an.tic.i.pa.tion: noun: the act of looking forward; especially: pleasurable expectation
It’s less than a week until CNCH, Conference of Northern California Handweavers. It is a convention for handweavers, spinners, and basketweavers. This is the second time I’m going and it’s hard to believe that it’s been two years since I bought my first loom. It was at that convention that I took the plunge and bought a rigid heddle Glimakra loom. I love it and still weave smaller projects on it. The excitement and anticipation of being with my weaving and spinning friends is getting high.
At first, I wasn’t too sure how much I was going to like weaving. I was thinking it was going to get boring. Throwing the shuttle back and forth, pulling the heddle forward and putting it back. On and on and on. But what I found out, it that it can be quite meditative, and there is so much more that this little rigid heddle loom could do. I learned how to use pickup sticks to enlarge my repertoire of weaves, to give the fabric a different feel and appearance.
Inevitably, that was a gateway loom and a project came along that required a larger loom. Our Black Sheep Handweavers Guild had an interesting project last year that consisted of two workshops. The first one was to design what kind of fabric you would like for a jacket. We would then have the summer to weave the fabric, and in the fall there would be a second workshop cutting the fabric and sewing it into a jacket.
I borrowed a four shaft loom to use for the first workshop with Sharon Alderman, well known in the weaving world. I was so new to weaving much of the three day workshop went over my head, but enough sunk in that I knew if I wanted to do this project, my rigid heddle loom wasn’t going to be able to make the 6 yards of fabric needed for the jacket.
So I did what most fiber artists would do, I found a loom on eBay and bought it. It didn’t stop me that the loom was in Arizona, and even though initially, the seller said she would ship, I ended up driving to Prescott, Az. to pick up the loom. Hey, for that price, I would drive to Colorado, or Idaho. It only took me 12 hours to drive there, and it was great fun. I even took a side trip to the Grand Canyon, where I got snowed on!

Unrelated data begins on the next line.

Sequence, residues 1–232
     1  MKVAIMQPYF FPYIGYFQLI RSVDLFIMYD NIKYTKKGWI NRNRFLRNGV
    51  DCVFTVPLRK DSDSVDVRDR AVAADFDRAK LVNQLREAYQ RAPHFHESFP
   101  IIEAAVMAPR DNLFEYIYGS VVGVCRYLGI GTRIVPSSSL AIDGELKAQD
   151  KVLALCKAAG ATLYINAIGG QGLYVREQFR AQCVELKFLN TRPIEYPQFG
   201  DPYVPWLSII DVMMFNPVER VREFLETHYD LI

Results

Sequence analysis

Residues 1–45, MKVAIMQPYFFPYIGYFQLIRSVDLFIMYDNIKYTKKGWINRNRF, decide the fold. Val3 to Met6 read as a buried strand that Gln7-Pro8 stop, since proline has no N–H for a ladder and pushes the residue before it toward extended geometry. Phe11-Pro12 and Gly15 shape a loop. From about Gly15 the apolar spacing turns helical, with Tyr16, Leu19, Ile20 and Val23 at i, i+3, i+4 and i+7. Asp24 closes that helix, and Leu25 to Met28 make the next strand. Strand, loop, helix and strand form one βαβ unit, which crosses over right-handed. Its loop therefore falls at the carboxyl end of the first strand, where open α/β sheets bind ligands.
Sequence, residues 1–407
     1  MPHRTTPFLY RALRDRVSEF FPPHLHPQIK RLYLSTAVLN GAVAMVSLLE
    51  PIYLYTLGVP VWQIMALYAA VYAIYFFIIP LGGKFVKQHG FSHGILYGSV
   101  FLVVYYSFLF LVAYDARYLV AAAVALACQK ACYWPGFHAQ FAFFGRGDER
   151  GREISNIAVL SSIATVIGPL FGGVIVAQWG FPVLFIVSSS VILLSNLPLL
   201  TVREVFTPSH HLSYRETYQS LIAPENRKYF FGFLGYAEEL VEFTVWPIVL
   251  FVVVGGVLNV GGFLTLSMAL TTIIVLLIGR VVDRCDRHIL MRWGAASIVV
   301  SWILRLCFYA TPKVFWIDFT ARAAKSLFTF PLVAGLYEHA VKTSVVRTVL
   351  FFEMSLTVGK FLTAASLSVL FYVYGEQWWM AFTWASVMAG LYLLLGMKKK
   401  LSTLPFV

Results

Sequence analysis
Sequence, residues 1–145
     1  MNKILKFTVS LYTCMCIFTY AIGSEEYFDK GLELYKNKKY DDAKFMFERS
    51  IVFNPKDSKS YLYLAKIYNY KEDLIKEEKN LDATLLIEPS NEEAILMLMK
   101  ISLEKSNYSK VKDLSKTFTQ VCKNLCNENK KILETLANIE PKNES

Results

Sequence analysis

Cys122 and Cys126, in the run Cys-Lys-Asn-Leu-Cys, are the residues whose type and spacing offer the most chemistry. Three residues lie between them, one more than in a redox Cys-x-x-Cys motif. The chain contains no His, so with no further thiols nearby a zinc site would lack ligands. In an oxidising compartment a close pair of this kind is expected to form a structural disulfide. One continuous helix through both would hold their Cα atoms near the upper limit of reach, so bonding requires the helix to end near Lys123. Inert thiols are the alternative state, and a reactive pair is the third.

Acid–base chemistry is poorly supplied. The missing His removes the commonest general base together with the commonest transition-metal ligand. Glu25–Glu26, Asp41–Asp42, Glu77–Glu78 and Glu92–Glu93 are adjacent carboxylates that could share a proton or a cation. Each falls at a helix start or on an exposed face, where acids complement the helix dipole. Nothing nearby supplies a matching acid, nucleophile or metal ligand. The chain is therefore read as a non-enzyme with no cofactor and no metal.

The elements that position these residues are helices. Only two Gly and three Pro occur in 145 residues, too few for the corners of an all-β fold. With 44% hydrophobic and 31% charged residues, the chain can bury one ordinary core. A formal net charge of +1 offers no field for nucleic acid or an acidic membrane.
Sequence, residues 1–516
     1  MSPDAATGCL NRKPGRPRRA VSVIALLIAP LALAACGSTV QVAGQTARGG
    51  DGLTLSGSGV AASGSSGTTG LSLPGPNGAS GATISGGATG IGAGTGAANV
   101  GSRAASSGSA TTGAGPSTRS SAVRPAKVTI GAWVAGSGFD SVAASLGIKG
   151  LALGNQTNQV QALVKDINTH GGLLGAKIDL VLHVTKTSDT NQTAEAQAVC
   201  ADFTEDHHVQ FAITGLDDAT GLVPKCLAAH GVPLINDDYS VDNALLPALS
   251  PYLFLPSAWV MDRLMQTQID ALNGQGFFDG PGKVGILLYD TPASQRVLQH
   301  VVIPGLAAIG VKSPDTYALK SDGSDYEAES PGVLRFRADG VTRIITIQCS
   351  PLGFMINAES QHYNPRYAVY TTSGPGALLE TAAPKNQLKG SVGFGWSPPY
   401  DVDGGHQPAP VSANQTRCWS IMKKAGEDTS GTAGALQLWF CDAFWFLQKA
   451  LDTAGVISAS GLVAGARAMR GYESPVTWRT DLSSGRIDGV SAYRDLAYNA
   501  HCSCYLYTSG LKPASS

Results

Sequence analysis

When I got the loom home, I discovered what great shape it’s in and truly what a great deal I got. I proceeded to warp it up with a scarf project, just to get my feet wet, before starting the big project. This beautiful scarf came out wonderful and I passed it on to a good friend.
So it was time for the yardage. By that point I had forgot much of what I had learned in the first workshop, but I muddled through the warping, which was the hardest part. How to use the warping board, get it wound on the back beam, or is that even the right threading, ugh, what am I getting into. It was frustrating, challenging and I had a whole new appreciation for the direct warping of my little rigid heddle loom.
Once warped, it was easy. I decided on a simple 1-3 twill and went to town. Since I didn’t have enough of one color yarn, I made the weft yarn changes random enough that whatever I did, would look good. It was fun and went much faster than expected. I finished weaving in record time and being a new weaver, I was pretty gentle with the fabric, so the “finish” of the fabric was a somewhat loose weave. This proved to be a bit of a problem when it came time to actually cut out the jacket.
Workshop number two, three days with Daryl Lancaster, where we cut and sewed our hand woven fabric was a blast. Once I got over the scary part of actually cutting fabric I had put so much work into, it was fun. Daryl was able to put you at ease and come up with solutions to problems like a loosely woven fabric. Her backing suggestion was perfect! And tailoring techniques like Hong Kong seams kept those edges from continuing to unravel on me.
CNCH will be a great opportunity to reconnect with Daryl, with her class on creative seam and edge finishes.
I’m really looking forward to the spinning class that will teach me the techniques of how to spin cashmere. Yes, I want to make my own cashmere yarn! I’m going to be learning from one of the best, Judith MacKenzie, who has been teaching spinning for years.
To round out my classes, I actually have a weaving class. It’s called Overshot to Doubleweave: Color and Weave with a Colonial Touch with Jannie Taylor. It looks interesting, and I’m sure I’ll learn a lot. I haven’t done any overshot or doubleweave weaving yet.
The anticipation is killing me, I can’t wait to go jump in and learn all these new techniques. It’s going to be a long week of anticipation.